Family Plutellidae - Diamondback Moths

Family Praydidae - False Ermine Moths
Family Yponomeutidae - Ermine Moths
Family Ypsolophidae

Family Dalceridae

*Family Epipyropidae - Planthopper Parasites
*Family Lacturidae - Tropical Burnet Moths
Family Limacodidae - Slug Caterpillar Moths

Family Megalopygidae - Flannel Moths

Family Zygaenidae - Leaf Skeletonizer Moths

Posted on May 05, 2018 01:47 AM by psyllidhipster psyllidhipster | 1 comments | Leave a comment

April 20, 2018

Blacklighting beginner questions

Over the past few years I've joined quite a few people in blacklighting for nocturnal bugs. I've seen quite a few different setups and have seen the pros and cons of each, and as Arizona begins to get hotter and more buggy I can't help but think that blacklighting is something that I'd like to get into myself, without having to rely on anybody else (furthermore, I don't actually know anyone else out here that is doing it). However, while getting a blacklight from bioquip is easy enough, I am still a bit in the dark on some of the specifics, so I was hoping to get some help there.

Power source
What is the best way to power my blacklight? What, specifically, does everyone else use? What is the lifespan of these batteries for this use, and can they be recharged and if so, how, and for how much? Where is the best place to obtain said batteries?

Where do I blacklight? Where can I blacklight? Where should I blacklight? Where shouldn't I blacklight? Are there are laws I should be aware of, specifically in the state of Arizona? For setup, I think I am most drawn to @finatic , @jaykeller , and @gcwarbler 's model of securing the sheet directly on the side of the car to avoid the wind factor as opposed to using a collapsible frame, so any location I choose to set up at would have to be a place where I can directly park. but just parking on the side of a remote highway is probably less desirable than parking somewhere a bit more secluded? But again, I would love to learn the tricks of the trade here. Are there certain rules and regulations to follow when blacklighting at say a state park? Would I need to call ahead to make sure that the activity is allowed in a particular spot? I live in an apartment complex so blacklighting at home is not a viable option.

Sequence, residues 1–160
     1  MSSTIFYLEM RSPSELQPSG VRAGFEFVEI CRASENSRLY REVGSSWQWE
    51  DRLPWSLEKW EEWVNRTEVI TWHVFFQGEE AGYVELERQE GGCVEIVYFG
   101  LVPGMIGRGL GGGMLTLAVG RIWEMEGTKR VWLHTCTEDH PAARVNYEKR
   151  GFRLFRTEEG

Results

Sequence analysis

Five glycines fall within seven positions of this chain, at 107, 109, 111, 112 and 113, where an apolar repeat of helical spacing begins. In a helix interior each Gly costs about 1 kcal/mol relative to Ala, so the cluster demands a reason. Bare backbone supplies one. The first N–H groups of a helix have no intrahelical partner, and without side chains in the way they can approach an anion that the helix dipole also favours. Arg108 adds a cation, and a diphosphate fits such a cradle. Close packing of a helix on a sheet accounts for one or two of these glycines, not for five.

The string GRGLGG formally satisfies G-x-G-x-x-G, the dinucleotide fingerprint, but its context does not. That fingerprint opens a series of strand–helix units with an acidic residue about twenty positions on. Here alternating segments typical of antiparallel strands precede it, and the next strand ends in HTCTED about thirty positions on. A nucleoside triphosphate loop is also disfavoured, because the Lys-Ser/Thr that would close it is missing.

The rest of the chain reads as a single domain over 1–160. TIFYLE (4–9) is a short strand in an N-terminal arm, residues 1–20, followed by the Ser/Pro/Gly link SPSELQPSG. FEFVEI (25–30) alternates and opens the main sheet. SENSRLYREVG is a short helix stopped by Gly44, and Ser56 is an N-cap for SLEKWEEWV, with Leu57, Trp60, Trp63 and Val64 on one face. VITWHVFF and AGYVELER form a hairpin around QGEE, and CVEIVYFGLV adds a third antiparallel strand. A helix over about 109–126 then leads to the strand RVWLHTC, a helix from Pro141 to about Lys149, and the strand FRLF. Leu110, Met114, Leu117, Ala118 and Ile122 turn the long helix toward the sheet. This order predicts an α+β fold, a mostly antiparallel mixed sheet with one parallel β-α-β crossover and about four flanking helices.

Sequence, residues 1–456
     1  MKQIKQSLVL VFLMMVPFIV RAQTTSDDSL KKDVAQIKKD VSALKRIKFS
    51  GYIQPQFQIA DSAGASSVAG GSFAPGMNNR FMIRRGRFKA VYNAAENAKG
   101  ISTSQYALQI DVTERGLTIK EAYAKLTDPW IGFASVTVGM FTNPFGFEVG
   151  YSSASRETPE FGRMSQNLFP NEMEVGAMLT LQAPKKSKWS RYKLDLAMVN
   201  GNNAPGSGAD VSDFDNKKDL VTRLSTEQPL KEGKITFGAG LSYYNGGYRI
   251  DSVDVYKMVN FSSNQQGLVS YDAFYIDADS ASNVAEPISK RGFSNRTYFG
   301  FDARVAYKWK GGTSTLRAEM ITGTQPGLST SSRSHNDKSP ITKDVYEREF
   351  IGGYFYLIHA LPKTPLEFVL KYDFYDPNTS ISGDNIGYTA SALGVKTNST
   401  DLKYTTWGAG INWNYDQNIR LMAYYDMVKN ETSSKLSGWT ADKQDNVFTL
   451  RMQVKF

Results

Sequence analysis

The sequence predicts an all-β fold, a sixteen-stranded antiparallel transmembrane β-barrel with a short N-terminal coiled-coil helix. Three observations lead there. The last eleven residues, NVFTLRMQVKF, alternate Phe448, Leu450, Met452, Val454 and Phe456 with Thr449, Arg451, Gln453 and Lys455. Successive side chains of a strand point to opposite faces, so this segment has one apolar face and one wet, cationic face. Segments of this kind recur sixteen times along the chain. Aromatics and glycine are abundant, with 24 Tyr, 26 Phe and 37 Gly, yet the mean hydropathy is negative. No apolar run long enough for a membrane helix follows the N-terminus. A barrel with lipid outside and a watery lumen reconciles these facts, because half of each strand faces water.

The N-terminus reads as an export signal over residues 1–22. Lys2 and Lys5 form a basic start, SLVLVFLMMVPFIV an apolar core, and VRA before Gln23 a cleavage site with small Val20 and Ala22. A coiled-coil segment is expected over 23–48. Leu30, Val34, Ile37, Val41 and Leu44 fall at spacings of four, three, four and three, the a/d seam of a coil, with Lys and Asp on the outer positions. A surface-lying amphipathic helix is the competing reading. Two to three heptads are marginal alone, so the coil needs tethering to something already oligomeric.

Here's the part where I'm going to obnoxiously tag in everybody I can think of on iNaturalist with their own portable blacklighting setup
@finatic @jaykeller @gcwarbler @bugsoundsjc @naturalista66 @berkshirenaturalist @cedric_lee @kimberlietx @sambiology
Any advice would be appreciated ! :)

Posted on April 20, 2018 07:09 PM by psyllidhipster psyllidhipster | 14 comments | Leave a comment

March 28, 2018

Psyllids on Ceanothus cultivars in urban areas

Previously, Ceanothus psyllids have primarily been recorded from naturally-occurring Ceanothus in native chaparral and woodland habitats. Today, I observed for the first time a psyllid on a Ceanothus cultivar in a mostly urban habitat in Los Angeles county where Ceanothus does not grow naturally. Previous searches led me to incorrectly believe that psyllids were unlikely to be encountered in such situations.

Ceanothus psyllids are very diverse, especially in California, with over a dozen species in three genera. The psyllid I observed today was a nymph so further identification is unfortunately not possible. I'm interested in hopefully figuring out which species are taking advantage of such conditions.

Posted on March 28, 2018 11:53 PM by psyllidhipster psyllidhipster | 0 comments | Leave a comment